We are all unique and we all have strengths which allow us to contribute to the world. In the early 2000’s, Dr. Martin Seligman and Dr. Christopher Peterson developed the VIA Character Strengths. Their research determined that there are 24 common character strengths that each of us possess to one degree or another, giving us a common language to use, but still recognizing that each of us is unique.
Each of these Character Strengths fall under one of six broad categories called Virtues. These Virtues and Character Strengths have proven to be universal across cultures and nations. Over the last few weeks we have explored all but one of the 24 strengths that we all share, yet make you uniquely you!
Our last strength is part of the Virtue of Temperance, which brings together those strengths that center on moderation. The strengths associated with this virtue protect us from excess and impulsivity.
The Character Strength of Forgiveness is letting go of the pain of hurt of being wronged. Forgiveness is often misunderstood. Forgiveness is not condoning what has happened and removing what has happened. Forgiveness is not forgetting or losing the awareness of what has happened. Forgiveness is not about reconciliation or restoring a relationship as though nothing has happened.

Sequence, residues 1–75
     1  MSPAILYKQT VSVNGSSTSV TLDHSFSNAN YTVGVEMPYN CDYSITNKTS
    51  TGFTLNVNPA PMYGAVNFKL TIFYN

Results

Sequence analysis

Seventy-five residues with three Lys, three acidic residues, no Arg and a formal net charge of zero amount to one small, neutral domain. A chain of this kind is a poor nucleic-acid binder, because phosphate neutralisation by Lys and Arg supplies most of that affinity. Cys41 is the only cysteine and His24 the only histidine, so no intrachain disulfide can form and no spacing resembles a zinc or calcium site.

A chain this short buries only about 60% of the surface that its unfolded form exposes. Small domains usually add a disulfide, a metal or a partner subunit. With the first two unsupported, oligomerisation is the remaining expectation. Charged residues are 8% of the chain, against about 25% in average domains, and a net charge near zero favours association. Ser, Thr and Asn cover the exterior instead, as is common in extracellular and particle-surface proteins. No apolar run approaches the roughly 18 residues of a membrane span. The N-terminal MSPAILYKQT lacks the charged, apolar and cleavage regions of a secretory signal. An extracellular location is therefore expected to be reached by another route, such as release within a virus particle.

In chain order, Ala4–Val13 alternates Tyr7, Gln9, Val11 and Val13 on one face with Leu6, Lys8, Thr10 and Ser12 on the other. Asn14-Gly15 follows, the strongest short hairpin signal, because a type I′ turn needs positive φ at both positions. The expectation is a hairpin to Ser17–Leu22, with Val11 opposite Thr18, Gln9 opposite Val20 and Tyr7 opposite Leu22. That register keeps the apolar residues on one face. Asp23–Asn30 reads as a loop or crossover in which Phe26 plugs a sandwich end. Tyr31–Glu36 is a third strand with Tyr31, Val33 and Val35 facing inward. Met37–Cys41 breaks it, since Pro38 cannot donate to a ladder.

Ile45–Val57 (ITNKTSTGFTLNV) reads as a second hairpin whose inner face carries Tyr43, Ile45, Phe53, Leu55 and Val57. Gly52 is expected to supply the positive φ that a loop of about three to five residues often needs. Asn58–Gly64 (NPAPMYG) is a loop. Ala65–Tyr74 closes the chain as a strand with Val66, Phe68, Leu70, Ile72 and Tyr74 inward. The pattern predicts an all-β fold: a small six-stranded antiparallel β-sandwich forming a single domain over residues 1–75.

It is about releasing the need for revenge and letting go. It means releasing the frustration, disappointment, resentment and other painful emotions. Those with a Signature Strength of Forgiveness often experience less negative emotion, are less anxious, less likely to be depressed and have a higher sense of well-being.
The absence of Forgiveness can show up in being merciless, unfeeling or unsympathetic. It's opposite is vengeance and retribution. In excess it manifests as being overly permissive and tolerating behaviors that most others would not. Understanding these opposites, absences and excesses can help us identify Forgiveness in ourselves and in others.
Forgiveness is a precipice of choice. Even if this is not one of your stronger strengths, we all have the option to build this muscle. Forgiveness is associated with many physical and psychological benefits. Emotional well-being, healthy lifestyle behaviors, and improved relationships are just a few.
There are many ways to practice forgiveness. When you feel you have been wronged, take the time to think about how each of us is a complex individual who is continuously growing and transforming. Resist the urge to feel that someone is all good or all bad. Consider times when you may have wronged someone else to try and see other perspectives. Write down or journal about how you feel and what possible positive benefits may be hidden in the situation. Slowing down to work through your feelings to arrive at Forgiveness will change your life.
If you would like to learn more about Forgiveness and your individual strengths, you can visit the website below and complete the free VIA Character Strengths Questionnaire.